Included in our hotel stay were three meals a day. This food was described as Soviet style. The breakfast buffet included everything from pickled beet salad to sausages to yogurt. Usually there was some type of porridge (heavy on the cream or butter), meat leftover from yesterday (possibly chicken wings), and occasionally we had some sunflower halva which the Americans fell in love with. Lunch, being the largest meal started with salad, continued with soup and ended with a meat and starch dish. Here's a photo with the salad and soup. Dinner looked similar but without the soup, and sometimes had a fruity-bready dessert.
This cafeteria-style food got old quickly, so we frequented the market at the end of the street. The outside looks like a typical fruit and veggie stand. Most of the produce seems to come from Uzbekistan. Step just inside the door, and you can fill a plastic 2-liter bottle with local beer or kvass fresh from the tap.
The downtown Green Market offered more variety. Dried fruits and nuts:
Horse sausages, a rib, and a load of fat:
Pork is actually not that popular due to the large Muslim population, but who could resist such a photo? And seriously, what does one do with a whole pig head? There weren't sheep or cow or horse heads hanging around. The most common meat is probably lamb/mutton followed closely by beef. Horse is more of a specialty and is usually served as a thin slices of sausage which are quite tender and tasty.
We had a couple of meals in yurts, featuring Kazakh food. The most memorable part of the meal is of course, kumys (fermented horse milk) and shubat (camel milk), pictured below with our Coke chaser hiding behind. The meat you see in the foreground is lamb - various parts. If it doesn't have bones in it, it is probably liver.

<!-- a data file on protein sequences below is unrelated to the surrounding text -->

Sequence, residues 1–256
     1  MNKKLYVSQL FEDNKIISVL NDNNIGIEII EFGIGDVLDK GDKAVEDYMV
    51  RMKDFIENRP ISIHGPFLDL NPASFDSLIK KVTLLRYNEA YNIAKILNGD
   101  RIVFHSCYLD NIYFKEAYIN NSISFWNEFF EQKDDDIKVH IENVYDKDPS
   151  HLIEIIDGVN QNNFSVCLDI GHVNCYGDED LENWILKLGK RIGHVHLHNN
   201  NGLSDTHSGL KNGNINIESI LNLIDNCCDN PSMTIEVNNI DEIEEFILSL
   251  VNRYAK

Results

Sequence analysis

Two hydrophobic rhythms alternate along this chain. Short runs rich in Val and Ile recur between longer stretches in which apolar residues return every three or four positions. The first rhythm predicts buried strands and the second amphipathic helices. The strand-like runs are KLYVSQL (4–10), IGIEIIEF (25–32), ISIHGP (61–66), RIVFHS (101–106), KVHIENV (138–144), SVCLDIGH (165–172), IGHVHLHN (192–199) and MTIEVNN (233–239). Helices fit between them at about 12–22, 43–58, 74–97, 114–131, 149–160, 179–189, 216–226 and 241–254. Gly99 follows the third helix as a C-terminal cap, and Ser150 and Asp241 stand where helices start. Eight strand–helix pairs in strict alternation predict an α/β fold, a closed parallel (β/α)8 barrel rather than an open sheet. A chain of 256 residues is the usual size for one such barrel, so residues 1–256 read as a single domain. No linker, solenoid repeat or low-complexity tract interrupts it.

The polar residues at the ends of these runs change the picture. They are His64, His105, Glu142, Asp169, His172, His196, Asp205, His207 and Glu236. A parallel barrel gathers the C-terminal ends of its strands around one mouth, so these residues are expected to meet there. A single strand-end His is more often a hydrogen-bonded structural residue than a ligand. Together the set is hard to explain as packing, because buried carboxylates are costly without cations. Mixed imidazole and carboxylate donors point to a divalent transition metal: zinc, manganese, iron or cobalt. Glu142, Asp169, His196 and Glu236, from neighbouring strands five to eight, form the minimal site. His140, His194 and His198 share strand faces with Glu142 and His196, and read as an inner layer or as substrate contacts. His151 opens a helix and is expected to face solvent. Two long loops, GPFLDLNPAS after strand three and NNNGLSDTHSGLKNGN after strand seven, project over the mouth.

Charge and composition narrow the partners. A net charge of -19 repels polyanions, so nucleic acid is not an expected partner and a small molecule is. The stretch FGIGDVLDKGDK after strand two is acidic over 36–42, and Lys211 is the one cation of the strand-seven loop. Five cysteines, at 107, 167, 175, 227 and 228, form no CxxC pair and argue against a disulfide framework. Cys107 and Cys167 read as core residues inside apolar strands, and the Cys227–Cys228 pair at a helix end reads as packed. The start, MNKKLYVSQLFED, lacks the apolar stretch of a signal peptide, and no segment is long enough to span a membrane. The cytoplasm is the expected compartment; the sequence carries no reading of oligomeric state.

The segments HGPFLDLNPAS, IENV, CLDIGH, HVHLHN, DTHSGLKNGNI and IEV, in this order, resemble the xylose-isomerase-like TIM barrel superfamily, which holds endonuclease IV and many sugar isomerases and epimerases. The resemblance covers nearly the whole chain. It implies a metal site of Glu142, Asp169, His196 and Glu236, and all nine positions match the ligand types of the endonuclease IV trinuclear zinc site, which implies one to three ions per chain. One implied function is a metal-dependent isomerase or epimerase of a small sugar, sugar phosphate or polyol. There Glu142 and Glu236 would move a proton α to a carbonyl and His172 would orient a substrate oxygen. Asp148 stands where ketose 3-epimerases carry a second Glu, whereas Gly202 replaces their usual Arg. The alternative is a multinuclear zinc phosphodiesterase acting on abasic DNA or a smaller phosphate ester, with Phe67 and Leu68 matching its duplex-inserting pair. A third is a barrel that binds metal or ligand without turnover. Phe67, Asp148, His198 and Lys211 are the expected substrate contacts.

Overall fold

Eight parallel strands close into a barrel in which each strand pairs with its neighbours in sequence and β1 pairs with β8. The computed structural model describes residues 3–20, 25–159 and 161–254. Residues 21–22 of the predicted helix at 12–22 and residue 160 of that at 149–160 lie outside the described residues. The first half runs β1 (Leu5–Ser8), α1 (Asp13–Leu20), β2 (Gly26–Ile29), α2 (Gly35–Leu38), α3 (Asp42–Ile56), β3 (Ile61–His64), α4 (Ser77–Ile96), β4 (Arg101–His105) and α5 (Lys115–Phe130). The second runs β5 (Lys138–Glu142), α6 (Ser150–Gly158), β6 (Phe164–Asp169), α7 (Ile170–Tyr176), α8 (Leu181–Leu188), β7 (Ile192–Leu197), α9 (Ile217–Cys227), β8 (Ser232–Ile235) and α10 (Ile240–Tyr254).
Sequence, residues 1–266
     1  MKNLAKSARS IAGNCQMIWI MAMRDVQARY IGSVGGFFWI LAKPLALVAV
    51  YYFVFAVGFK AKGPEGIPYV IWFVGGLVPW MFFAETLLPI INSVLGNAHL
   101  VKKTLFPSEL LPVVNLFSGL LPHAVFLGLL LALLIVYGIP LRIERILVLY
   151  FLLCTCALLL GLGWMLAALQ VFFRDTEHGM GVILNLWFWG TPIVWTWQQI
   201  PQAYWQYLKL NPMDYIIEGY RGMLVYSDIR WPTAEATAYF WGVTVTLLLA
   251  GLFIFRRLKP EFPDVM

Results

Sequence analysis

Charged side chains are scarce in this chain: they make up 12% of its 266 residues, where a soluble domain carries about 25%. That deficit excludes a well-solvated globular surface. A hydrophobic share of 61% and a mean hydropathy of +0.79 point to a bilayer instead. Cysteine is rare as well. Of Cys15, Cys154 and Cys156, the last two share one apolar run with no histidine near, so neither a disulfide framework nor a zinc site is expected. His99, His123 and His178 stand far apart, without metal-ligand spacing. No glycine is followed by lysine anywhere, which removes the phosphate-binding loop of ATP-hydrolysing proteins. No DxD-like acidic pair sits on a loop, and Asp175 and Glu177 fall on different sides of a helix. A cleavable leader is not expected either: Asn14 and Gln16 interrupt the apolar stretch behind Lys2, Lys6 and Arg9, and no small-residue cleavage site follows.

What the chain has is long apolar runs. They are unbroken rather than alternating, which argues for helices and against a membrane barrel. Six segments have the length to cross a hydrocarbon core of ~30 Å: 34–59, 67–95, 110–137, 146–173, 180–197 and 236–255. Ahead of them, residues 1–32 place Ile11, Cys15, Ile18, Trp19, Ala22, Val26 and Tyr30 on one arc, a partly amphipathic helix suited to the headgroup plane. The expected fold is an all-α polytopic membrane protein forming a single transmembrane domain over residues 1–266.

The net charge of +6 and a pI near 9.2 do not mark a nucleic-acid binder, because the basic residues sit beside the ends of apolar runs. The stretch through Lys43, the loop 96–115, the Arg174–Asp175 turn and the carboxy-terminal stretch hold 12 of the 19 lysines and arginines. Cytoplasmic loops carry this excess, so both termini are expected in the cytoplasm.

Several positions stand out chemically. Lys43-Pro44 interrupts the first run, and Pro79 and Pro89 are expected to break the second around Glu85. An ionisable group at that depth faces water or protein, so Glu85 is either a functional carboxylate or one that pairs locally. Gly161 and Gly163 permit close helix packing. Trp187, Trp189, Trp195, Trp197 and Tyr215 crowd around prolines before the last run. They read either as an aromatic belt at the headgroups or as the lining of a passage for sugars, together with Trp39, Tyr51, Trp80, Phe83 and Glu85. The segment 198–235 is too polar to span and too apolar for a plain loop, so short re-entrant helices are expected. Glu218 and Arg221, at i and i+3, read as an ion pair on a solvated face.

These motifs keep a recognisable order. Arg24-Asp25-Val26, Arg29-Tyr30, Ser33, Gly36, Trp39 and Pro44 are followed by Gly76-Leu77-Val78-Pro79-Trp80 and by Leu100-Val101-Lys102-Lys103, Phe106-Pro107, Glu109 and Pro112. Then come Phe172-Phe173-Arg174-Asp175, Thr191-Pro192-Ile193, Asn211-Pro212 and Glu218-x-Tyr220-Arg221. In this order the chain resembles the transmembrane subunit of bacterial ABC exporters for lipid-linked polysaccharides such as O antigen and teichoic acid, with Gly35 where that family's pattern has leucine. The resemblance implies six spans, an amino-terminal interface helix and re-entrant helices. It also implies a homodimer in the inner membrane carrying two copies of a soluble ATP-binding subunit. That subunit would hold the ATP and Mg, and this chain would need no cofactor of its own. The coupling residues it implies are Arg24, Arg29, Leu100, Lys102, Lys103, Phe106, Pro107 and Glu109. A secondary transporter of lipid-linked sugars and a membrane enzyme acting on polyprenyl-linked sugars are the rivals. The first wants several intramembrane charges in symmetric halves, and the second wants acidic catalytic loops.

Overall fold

Here's a view of the low table inside a yurt with our salads and bread being served:
Meanwhile, the carrots for plov are boiling:
Another typical feast (not in a yurt) featured brilliantly arranged salads (and you can barely see the plate of sliced meat including liver, heart and sausage hiding behind the fried dough).
While we were in Kazakhstan, we were able to try the variety of dishes that people from other areas of the world have brought... most notably Korean dog soup. I personally did not eat this, but was told that it tasted like any other dark meat. The soup is served boiling hot with just broth and meat. Those little white bowls of stuff are things to add to one's own taste.
I'll end with dessert. Every cake is a work of art. They truly look too good to eat! Seriously, I wouldn't eat one because I'm sure it would be a disappointment.
I tried a lovely cupcake with my afternoon tea one day, only to discover that I needed a sledgehammer to get through the frosting and then the cake was really a dry cookie. But it had plenty of sugar, so I was happy.
They like to call kumys the national drink. But from what I've seen, tea must be the national drink. They drink it morning, noon and night... brewing it up quite hot and strong and then loading it up with milk and sugar.